SKYROCKETING ROAD COSTS: Under a City, roads will have to be improved, according to California state laws. With 68 miles of roads (144 lane-miles); $40 million to $60 million of needed road reconstruction in the near future; $3 million needed to replace the failed road system every year and $1.1 million for preventive maintenance (slurry seal and chip seal) a total of $4.1 million a year just to keep up with the ailing road system so it does not become any worse. The CV incorporation group has budgeted 1/20 of what is annually needed (only $327,000 is budget for striping the roads, sweeping, cutting weeds, patching holes and cleaning out storm drains and only $200,000 for slurry seal and chip seal per year).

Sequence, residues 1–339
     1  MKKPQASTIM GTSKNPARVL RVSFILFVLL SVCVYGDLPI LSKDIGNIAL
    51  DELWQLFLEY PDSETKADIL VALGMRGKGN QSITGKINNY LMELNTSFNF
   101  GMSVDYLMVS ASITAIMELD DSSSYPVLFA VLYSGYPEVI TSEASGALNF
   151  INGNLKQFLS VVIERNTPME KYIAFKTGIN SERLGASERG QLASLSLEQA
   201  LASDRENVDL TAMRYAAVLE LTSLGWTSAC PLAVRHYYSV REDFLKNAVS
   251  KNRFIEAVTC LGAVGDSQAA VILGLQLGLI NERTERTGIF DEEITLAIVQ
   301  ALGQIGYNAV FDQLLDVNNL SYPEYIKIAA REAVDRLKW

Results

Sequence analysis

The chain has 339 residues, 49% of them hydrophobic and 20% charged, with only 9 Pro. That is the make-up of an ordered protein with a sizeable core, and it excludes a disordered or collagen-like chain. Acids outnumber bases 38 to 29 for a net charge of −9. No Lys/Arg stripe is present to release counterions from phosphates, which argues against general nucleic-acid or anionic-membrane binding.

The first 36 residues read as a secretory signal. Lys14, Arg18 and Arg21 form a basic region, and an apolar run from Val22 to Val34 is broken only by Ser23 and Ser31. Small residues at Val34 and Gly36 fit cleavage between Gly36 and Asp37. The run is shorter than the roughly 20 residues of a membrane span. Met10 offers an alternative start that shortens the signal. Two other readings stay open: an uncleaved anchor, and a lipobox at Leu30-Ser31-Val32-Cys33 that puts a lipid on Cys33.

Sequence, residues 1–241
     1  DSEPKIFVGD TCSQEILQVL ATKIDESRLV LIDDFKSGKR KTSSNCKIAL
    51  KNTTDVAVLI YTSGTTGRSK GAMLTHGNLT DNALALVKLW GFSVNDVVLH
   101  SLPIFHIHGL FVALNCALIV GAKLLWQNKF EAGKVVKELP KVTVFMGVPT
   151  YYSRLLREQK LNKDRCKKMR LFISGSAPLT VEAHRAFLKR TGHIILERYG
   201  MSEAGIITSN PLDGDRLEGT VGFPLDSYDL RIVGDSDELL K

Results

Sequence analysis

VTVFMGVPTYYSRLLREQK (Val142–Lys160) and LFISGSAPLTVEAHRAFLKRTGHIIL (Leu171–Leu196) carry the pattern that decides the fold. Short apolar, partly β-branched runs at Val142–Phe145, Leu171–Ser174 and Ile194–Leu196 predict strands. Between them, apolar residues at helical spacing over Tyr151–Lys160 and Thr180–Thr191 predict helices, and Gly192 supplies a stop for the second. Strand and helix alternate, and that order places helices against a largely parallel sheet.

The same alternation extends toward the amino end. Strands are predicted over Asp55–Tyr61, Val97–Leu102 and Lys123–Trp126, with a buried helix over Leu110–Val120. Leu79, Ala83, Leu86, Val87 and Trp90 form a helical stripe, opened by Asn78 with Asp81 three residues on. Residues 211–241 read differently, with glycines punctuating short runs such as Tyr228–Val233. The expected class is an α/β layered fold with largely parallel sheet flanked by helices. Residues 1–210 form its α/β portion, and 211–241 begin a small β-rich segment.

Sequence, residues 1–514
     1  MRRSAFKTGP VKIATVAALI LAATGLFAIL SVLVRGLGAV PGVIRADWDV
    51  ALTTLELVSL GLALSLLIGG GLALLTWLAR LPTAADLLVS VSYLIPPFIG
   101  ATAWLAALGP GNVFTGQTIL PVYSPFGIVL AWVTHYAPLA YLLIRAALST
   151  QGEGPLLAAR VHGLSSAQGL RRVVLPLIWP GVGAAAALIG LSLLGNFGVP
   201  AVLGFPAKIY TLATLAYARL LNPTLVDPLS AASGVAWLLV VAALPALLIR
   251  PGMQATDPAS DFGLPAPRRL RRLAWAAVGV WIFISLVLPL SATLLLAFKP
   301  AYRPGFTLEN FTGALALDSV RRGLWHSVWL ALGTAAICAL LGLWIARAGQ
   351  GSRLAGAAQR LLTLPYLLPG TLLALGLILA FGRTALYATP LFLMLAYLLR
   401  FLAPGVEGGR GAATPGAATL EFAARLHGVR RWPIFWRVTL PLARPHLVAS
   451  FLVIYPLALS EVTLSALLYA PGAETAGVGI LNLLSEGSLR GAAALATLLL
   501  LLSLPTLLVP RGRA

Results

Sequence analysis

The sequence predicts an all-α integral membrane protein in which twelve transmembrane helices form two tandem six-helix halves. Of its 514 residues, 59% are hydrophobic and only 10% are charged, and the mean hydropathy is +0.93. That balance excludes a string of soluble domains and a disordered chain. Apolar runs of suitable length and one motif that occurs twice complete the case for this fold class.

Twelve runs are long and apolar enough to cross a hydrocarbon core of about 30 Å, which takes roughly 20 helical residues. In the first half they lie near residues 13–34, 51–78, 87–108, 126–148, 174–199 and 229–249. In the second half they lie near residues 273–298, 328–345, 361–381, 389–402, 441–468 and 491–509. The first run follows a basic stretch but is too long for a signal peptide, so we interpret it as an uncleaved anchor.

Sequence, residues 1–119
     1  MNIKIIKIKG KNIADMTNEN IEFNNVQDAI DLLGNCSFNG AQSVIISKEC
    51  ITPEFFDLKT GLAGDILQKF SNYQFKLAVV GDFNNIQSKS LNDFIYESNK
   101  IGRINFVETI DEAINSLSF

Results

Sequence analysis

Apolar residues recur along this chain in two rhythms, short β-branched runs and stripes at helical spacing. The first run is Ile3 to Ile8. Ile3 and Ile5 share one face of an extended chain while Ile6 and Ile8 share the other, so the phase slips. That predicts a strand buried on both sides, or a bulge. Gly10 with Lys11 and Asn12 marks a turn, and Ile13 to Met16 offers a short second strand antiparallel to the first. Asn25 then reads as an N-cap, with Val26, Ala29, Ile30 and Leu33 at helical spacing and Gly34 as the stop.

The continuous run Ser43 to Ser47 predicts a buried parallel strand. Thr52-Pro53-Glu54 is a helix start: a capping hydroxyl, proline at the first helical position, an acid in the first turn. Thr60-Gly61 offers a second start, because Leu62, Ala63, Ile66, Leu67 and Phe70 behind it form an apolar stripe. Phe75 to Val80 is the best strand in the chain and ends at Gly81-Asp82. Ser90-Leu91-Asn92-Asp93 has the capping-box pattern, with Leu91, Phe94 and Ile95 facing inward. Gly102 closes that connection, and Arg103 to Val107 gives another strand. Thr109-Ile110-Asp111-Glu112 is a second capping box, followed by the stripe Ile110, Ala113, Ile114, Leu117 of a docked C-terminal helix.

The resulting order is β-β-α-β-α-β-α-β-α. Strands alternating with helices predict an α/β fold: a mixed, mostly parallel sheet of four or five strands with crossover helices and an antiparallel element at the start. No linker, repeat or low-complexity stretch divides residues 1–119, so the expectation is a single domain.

DEFERRED CAPITAL INVESTMENTS: Road work exceeds $100 million according to Monterey County officials (road reconstruction and road re-engineering to bring the roads up to current development standards; bridges that need repairs or replacing; etc.) Remember, this proposed city is a land mass larger than all the other Peninsula cities combined. CV Cityhood proponent's feasibility study only includes a public works department of just two part-time employees (Carmel-by-the-Sea, for instance, with only 1 square mile, has 13 employees). Where will this money come from? Road cost figures come from Lew C. Bauman PhD., PE, Public Works Director, Monterey County (Jan. 29, 2002). According to LAFCO, even before recent revenue declines, this proposed city would be running a $2,000,000 road-fund deficit by year ten.